How to Get the Most Out of Flatiron School: Tips from an Instructor
I left my job in healthcare communications to attend Flatiron School’s Web Developer Program in November 2015. I was excited to learn a new skill but also nervous about switching careers and unsure about how well I’d be able to manage a heavy workload.At the end of a whirlwind three months, I decided to stay at […]
I left my job in healthcare communications to attend Flatiron School’s Web Developer Program in November 2015. I was excited to learn a new skill but also nervous about switching careers and unsure about how well I’d be able to manage a heavy workload.At the end of a whirlwind three months, I decided to stay at the school to help other students learn to code and joined the team as an instructor. After working with two classes of students and reflecting back on my own experience in the program, I’ve noticed several things that I think can help students get the most out of their time at Flatiron School. I’m sharing them in hopes that they’ll help other students hit their groove while at the school.
1. Congratulate yourself for taking this huge step!
Ok, so you caught me… this isn’t really a tip about succeeding in the program but I think it’s still important. You’ve worked hard to be accepted into an elite program with a group of equally hardworking and talented people all trying to change their lives through code. So get pumped and give yourself a high five for committing to this new experience.
2. Expect to eat, sleep, and breathe code.
There’s no getting around it—there’s a lot to learn in three months. Expect to be coding every day, in the evening, and on the weekends. The workload is manageable but be prepared to turn down social events and cut back time spent with your hobbies. You’ve dedicated the time and money to do the program; you owe it to yourself to put in as much effort as possible. I promise that your friends and family will still remember and love you when the program’s over.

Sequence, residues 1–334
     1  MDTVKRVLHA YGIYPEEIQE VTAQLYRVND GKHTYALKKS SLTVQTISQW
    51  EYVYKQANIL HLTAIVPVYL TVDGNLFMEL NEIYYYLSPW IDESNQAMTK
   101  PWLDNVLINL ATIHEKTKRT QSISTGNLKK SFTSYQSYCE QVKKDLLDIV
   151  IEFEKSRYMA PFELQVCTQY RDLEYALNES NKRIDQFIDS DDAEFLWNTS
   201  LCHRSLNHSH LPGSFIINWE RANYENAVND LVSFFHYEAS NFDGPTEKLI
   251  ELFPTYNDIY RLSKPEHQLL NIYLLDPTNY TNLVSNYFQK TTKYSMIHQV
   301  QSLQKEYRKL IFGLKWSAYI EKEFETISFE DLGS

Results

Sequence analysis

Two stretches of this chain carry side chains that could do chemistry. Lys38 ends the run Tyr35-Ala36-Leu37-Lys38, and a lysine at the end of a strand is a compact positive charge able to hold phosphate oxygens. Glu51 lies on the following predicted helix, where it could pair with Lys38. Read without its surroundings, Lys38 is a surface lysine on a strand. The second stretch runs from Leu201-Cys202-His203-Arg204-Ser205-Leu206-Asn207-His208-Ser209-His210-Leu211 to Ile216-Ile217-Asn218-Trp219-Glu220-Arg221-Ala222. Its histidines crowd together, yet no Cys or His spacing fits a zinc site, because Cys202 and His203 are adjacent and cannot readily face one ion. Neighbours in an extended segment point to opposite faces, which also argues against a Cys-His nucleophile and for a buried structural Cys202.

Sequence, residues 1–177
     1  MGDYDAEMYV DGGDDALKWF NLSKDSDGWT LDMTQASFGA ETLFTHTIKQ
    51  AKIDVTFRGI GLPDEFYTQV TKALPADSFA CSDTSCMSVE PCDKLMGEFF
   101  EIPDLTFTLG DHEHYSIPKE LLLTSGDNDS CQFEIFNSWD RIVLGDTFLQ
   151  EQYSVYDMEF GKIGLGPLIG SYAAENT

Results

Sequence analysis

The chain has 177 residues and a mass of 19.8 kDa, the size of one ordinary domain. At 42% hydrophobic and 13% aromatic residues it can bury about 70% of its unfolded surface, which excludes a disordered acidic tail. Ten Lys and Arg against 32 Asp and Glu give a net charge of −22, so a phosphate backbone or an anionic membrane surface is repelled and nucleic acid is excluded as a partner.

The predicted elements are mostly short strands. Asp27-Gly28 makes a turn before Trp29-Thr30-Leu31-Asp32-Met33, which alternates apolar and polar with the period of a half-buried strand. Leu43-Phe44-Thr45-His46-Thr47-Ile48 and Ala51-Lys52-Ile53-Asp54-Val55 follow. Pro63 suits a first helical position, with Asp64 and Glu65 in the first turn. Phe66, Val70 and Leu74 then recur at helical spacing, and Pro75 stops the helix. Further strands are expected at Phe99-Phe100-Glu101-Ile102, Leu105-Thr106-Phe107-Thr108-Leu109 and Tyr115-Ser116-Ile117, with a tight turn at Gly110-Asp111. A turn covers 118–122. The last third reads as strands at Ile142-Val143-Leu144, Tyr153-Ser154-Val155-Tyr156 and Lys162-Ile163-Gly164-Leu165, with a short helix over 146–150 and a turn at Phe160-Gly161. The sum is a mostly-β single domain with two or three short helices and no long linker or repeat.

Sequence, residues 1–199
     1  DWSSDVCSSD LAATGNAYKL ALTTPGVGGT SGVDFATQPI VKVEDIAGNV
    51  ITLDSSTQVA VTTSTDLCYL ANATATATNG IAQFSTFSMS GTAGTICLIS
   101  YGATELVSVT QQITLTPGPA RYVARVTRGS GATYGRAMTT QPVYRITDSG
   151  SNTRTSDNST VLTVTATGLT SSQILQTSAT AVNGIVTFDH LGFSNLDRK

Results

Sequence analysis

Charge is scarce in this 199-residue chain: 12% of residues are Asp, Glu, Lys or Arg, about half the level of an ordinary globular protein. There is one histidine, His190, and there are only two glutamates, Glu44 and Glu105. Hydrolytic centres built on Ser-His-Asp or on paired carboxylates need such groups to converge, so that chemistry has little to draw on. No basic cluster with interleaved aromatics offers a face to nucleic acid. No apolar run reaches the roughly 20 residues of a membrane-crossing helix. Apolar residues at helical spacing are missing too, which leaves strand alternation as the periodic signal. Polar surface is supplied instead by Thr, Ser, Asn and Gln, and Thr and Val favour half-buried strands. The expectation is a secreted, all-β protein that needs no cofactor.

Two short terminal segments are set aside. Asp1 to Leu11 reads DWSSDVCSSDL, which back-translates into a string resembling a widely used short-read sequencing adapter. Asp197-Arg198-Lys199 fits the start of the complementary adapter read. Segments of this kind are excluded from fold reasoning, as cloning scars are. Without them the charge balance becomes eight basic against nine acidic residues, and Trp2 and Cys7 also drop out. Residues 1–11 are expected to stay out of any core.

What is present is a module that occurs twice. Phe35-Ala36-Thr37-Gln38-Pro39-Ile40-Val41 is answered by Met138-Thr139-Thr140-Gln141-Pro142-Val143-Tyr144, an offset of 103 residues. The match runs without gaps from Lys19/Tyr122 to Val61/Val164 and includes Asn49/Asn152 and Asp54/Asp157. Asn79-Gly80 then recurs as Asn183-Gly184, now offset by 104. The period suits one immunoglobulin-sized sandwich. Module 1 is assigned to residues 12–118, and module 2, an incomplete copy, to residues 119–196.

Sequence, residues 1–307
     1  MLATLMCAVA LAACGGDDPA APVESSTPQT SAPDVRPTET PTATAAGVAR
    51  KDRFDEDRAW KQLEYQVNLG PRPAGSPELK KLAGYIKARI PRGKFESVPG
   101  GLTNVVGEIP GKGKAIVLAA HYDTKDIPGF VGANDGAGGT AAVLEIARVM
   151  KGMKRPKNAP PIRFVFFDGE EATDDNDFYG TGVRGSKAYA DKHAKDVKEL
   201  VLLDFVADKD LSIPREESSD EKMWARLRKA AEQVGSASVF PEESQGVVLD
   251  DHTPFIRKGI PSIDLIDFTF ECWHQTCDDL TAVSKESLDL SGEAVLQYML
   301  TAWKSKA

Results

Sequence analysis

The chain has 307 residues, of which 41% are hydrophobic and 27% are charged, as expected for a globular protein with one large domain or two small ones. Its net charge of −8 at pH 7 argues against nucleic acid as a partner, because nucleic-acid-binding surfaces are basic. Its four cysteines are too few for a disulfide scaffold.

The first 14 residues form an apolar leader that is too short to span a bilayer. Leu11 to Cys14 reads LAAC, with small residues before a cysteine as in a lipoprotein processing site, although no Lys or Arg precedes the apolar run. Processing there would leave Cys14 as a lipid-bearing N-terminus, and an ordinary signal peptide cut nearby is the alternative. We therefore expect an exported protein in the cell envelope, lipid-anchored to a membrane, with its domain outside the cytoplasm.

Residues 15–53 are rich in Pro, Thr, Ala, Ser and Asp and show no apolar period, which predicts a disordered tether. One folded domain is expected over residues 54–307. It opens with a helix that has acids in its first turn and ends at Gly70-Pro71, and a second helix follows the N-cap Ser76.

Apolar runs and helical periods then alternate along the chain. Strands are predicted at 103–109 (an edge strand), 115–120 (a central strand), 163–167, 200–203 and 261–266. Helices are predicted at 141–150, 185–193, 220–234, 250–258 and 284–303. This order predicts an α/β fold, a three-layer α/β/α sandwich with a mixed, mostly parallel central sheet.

3. Focus on comprehension over completion.
There’s definitely something about opening up your Learn.co dashboard and seeing a whole list of newly deployed labs that makes you want to dive in and finish them as soon as possible. While finishing the material matters, it’s much more important that you understand the concepts than finish each lab. Spend the extra time to dive into the areas that you find confusing and come back to them often. Having a firm grasp of the fundamentals will be essential for project mode, when you’re building your own applications. If you need to skip a lab here and there to stay on pace with the class, do it! Your goal is to come away with a firm grasp on the material.
4. Pick finite, unfamiliar topics for your blog and student presentations.
As an immersive student, you’ll complete two types of technical presentations: weekly five-minute presentations on a blog post (in front of your class), and one ten-minute presentation with a partner at an evening meetup that’s open to the public. These presentations give you a chance to dive deep into a technical topic and give a informative and compelling presentation to a group. For both types of presentations, it’s helpful to pick topics that are: